As the years went on, my tastes for mysteries increased and I read legal thrillers such as John Grisham and Sidney Sheldon. They didn’t always match some of Agatha Christie’s who-dun-its but still kept me hooked. When I started university, I chose English Literature as one of my subjects {even though I intended to major in Psych}. I figured because I loved reading, this would be the way to go. Ironically, the two years of studying English lit actually ruined my love to read for pleasure! I think it was the pressure to analyse things and also conform with the views of the lecturers that made me want to throw the books out of the window. That and the fact that I found classics like Mill on the Floss, Grapes of Wrath and Oliver Twist a tad boring.

My journey with books

Fortunately, a year later, while I was in my final year with only psych subjects, I got saved. I found my passion for reading thanks to Harry Potter. I was able to read the first three books quickly and waited impatiently for the fourth to be released. That impatience combined with excitement continued over the next few years right until my final year of Masters here in Australia. I still remember anxiously waiting for the final instalment and pre-ordering it at Big W. Texting a friend while reading to find out how far they had reached. And pretty much finishing it within a day and a bit in between lectures, placement and work. All the while getting teasers thrown at us by our lecturer who finished reading it before us!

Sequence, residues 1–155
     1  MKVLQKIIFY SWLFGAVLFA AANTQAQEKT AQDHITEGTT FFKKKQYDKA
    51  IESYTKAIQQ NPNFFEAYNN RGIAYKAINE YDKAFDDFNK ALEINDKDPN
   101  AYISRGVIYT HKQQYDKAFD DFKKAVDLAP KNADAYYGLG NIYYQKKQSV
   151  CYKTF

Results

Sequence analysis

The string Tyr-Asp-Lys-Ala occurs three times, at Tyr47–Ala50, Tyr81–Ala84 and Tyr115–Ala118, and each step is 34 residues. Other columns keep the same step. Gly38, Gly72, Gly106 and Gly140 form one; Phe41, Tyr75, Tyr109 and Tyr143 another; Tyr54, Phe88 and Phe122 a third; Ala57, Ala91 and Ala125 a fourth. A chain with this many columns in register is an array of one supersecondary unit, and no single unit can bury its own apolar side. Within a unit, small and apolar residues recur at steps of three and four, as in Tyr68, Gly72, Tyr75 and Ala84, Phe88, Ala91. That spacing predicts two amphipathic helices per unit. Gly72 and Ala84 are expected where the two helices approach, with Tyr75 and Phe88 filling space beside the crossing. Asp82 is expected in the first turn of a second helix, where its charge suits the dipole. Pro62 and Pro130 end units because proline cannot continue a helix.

Over the years, I have been hooked on Jodi Picoult and the moral issues she manages to delve into while also reading more literary novels and ones that make you question and think about the world or life in general. I guess in some ways, I am currently doing what English lit wanted me to do. The difference is I am doing it on my own accord. Some books I read are probably a bit depressing and relate a lot to psychological issues but somehow, I love them. My friends who are psychologists don’t understand why I would want to read books on such heavy issues particularly given that we work day in and day out listening to such stuff.

Nowadays, fiction that is close to truth grips me. Books that speak to me on a personal level grip me. Writing that is beautiful and tugs at my core has me hooked. Anything that has a message or makes me think long after I have left that world is tantalising. A story that makes me ask questions about myself or the world I live in is something I adore. And finally, characters that stay with me and become my lifelong companions — they are worth waiting for.

It’s no wonder I have read so many books and still have about 70 more on my bookshelf I have to finish before I turn 35.

Yes I continue to re-read Harry Potter and Enid Blyton.

But I also love the anticipation of a new story. A new adventure. And in the process, making a new friend.

Until next time,